21 Feb 2014

Dr Who woos Wellington

11:00 pm on 21 February 2014

The biennial New Zealand Festival opened in Wellington on Friday with daleks, cybermen, a tardis, an 80-piece orchestra and a choir staging the Doctor Who Symphonic Spectacular.

The festival includes 300 events, performed by 1100 artists from 19 different countries.

Its artistic director, Shelagh Magadza, said total ticket sales of 100,000 are expected.

The New Zealand Symphony Orchestra is performed composer Murray Gold's music from the Dr Who TV series which celebrated its 50th anniversary last year.

Ben Foster conducts the Dr Who Symphonic Spectacular.

Ben Foster conducts the Dr Who Symphonic Spectacular. Photo: Supplied

The original percussion-heavy theme was written in 1963 by Australian composer Ron Grainer and, like the Doctor, it too has been regenerated many times.

Conductor Ben Foster has been working with Gold for the past eight years.

Friday's show included material from the modern Doctor Who featuring Matt Smith and David Tennant as the Doctor, but also travelled back in time and across the galaxy to classic Time Lord periods.

The Doctor Who Symphonic Spectacular kicks off the New Zealand Festival on Thursday.

The Doctor Who Symphonic Spectacular kicks off the New Zealand Festival on Thursday. Photo: Supplied

This included music from episodes such as Logopolis from 1981, when Tom Baker was farewelled as the Doctor and regenerated into the fifth Doctor.

Foster said that was the era he grew up with and to arrange and conduct this music 30 years later was a professional career highlight.

Peter Davison was Doctor Who number five on the BBC TV series from 1981 to 1984, and was the host of the show which featured specially-filmed links with Doctor Who number four, Tom Baker, who was known for his very long scarf.

The show is fresh from touring Australia with both the Melbourne and Queensland Symphony orchestras.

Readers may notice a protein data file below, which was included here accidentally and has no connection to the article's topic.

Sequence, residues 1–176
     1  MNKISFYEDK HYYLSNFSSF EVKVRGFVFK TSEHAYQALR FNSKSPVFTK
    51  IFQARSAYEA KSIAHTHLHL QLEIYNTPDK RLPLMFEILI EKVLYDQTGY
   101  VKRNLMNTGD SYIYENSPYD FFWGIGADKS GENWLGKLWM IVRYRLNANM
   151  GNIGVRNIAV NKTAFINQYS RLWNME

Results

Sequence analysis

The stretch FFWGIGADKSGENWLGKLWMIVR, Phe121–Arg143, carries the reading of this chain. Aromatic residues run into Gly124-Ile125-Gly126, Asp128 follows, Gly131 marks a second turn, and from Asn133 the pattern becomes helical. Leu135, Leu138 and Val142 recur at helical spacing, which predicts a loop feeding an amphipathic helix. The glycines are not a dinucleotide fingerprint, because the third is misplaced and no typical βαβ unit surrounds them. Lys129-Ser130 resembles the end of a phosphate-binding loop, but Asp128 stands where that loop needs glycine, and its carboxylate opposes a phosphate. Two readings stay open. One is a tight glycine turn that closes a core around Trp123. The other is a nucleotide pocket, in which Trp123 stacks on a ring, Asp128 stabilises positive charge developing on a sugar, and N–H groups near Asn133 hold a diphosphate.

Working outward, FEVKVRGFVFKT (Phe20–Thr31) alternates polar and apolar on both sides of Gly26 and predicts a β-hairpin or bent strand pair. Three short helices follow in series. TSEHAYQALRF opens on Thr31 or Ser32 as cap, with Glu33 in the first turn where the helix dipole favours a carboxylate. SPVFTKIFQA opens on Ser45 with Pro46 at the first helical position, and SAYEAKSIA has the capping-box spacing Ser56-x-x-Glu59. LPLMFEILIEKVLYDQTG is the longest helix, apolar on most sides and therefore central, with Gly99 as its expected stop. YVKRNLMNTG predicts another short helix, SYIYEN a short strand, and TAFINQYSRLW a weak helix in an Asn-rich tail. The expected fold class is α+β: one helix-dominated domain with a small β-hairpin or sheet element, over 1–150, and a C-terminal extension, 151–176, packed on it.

Davison said he is grateful that people know who he is, and the cheers make him feel like a rock star.

Doctor Who fanatics are often referred to as Whovians.

They study, decipher and know everything about the many faces of Doctor Who, the aliens he encounters, and any perils the Doctor must face while hurtling through the universe in the blue police telephone box, known as the tardis.

The BBC show's writer, producer and director, Paul Bullock completely understands this obsession, saying he has a dream job.

He said after loving the show as a child, his eight-year-old daughter also became hooked on the series.

Along with big screens playing various snippets of Doctor Who episodes while the orchestra performs the scores, there'll be daleks, cybermen and assorted other alien creatures on stage creating an intoxicating science fiction atmosphere.

Conductor Ben Foster said while he is leading the orchestra, one of his personal highlights is an attempt to save the audience from the daleks with his sonic conductor's baton.

He said as a child he regularly dressed up as a dalek and chased his brother around their family property.

Peter Dykes is the associate principal oboe player for the NZSO, and also a big Doctor Who fan.

He is expecting the audience to span several generations and said it will be a nostalgic moment playing the original theme.